OPINION - Tracey Emin: David Bowie was my rock when I lived among paedophiles and fleas

 (Tracey Emin)
(Tracey Emin)

Fashion turn to the left

Fashion turn to the right

We are the goon squad and we’re coming to town

Beep beep

 (Tracey Emin)
(Tracey Emin)

The words “breathe in, exhale” are spoken by the machine in a soft soothing way. A little emoji face lights up above me, opening and closing its out-of-proportion triangular mouth, its little eye looks like it could be winking.

My arms are placed above my head (I feel like one of my drawings).

 (Tracey Emin)
(Tracey Emin)

My body is pulled through a giant Polo ring.

“Breathe in, exhale”. The cannula that’s in the top of my hand feels awkward and keeps pulling.

The nurse holds my wrist and tells me that she’s about to inject the contrast dye, that I will feel a warm sensation that will flood internally all over my body. That it will only last for about 30 seconds. As it rushes through my veins it feels somehow orgasmic, a sensation of the deepest internal warmth, it finally ends like an arrow at my clitoris.

The giant Polo spins and revs around

me I feel like I’m Kubrick’s 2001, a Space Odyssey.


More and more Bowie lyrics boomed through my mind.

Since I was a teenager whenever I was really afraid the lyrics would come.

 (Tracey Emin)
(Tracey Emin)

Will you stay in my lovers story

If you stay you won’t be sorry

I try not to be afraid but my mind takes me to dark places, I keep saying to myself I wouldn’t be here if I

wasn’t in pain. I have no fear of death only pain.

I push my mind to the limits so not to feel trapped by my physical self. I want to feel good, I want to feel fully alive.

I want to feel sexy, I want to feel beautiful, I want to feel loved.


The kind of cancer I had was the nastiest, the most aggressive, it could move faster than any chemotherapy, than any radiation, than any new super-drugs.

Five, four, three, two, one

This is Ground Control to Major Tom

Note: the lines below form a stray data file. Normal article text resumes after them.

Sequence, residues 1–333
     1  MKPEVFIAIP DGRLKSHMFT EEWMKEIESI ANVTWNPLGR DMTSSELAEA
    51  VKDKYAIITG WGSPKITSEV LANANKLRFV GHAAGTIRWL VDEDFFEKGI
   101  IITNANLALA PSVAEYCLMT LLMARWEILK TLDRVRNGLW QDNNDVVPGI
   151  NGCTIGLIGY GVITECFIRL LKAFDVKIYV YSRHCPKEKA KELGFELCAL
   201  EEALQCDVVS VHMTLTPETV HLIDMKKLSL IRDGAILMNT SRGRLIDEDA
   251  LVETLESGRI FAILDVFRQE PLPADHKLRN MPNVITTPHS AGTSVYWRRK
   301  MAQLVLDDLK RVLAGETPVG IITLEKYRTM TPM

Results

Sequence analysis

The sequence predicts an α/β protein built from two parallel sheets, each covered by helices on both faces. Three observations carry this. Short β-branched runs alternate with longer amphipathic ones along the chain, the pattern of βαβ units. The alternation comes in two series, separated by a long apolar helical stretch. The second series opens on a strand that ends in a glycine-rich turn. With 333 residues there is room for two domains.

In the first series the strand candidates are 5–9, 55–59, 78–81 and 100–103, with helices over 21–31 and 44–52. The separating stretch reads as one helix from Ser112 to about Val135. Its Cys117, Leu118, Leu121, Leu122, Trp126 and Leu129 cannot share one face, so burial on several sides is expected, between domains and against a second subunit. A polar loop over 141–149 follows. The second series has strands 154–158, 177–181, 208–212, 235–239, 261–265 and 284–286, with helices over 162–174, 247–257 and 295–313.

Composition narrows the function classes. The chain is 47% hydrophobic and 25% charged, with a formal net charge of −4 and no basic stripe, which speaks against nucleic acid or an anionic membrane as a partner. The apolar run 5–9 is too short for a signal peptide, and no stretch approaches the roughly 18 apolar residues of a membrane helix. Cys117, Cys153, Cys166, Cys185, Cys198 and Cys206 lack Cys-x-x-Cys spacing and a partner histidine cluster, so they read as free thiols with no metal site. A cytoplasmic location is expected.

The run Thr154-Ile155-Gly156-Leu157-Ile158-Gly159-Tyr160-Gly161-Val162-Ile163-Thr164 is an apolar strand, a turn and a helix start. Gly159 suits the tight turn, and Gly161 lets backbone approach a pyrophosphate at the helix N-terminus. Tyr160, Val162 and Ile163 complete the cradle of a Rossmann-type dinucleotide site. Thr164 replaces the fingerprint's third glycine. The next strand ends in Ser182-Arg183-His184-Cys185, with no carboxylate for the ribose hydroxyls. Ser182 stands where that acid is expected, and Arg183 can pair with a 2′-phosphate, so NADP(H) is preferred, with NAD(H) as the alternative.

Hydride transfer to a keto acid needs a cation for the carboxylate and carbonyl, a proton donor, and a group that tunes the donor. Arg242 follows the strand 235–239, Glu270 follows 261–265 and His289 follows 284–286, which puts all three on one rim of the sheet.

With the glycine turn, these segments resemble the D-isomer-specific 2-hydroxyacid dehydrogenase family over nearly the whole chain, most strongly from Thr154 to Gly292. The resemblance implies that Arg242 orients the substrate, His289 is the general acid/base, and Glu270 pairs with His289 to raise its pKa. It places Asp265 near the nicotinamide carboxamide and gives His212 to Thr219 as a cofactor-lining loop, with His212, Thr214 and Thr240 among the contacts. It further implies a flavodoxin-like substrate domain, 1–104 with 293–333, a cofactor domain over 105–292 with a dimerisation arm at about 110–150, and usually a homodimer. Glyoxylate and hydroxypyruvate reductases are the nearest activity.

Since my surgery three years ago I have had so many scans. Every time I have a fear that the cancer has returned

This is how a CT scan feels. Since my surgery three years ago I have had so many scans. Every time I have a fear. The same fear that the cancer has returned, that’s its creator in through the back door crept in when I was happy and not looking.

It’s not just me that feels this it’s all of us who live and survive.

Yesterday I was trying to be brave to be care-free, nonchalant but the internal fear can take over.

When I left home when I was 15 with my Bowie albums tucked in my bag, like my prize possessions, I had no idea what life would hold ahead of me.

I knew every Bowie lyric off by heart.

 (Tracey Emin)
(Tracey Emin)

When I was 14, I’d drunk a whole bottle of sherry listening to Rock’n’Roll Suicide off by heart. (David loved that story).

I eventually projectile vomited across the entire distance of my bedroom floor.

in good old suicide fashion. I then hoovered it up wet, somehow avoiding electrocution.

Maybe subconsciously at that young age I wanted to die. If I think back to how unhappy I was it’s not surprising.

Our house was alive with fleas.

They nested in the carpets and floorboards, then hatched out.

I always cite the fleas as the main reason why I left home. But actually it was the paedophiles that lived in our house.

My mum had left a long time before but these people, men somehow stayed on. There were smells that made me feel sick. A cheesy sweatiness that would hang in the air. I learnt to protect myself. One of them is dead now. He died in prison.

My friend and ally was David Bowie. I’d sing his lyrics and project myself to another place.

There are so many ways to live without fear, it’s just a case of doing it.

 (Tracey Emin)
(Tracey Emin)

Tracey Emin is an artist.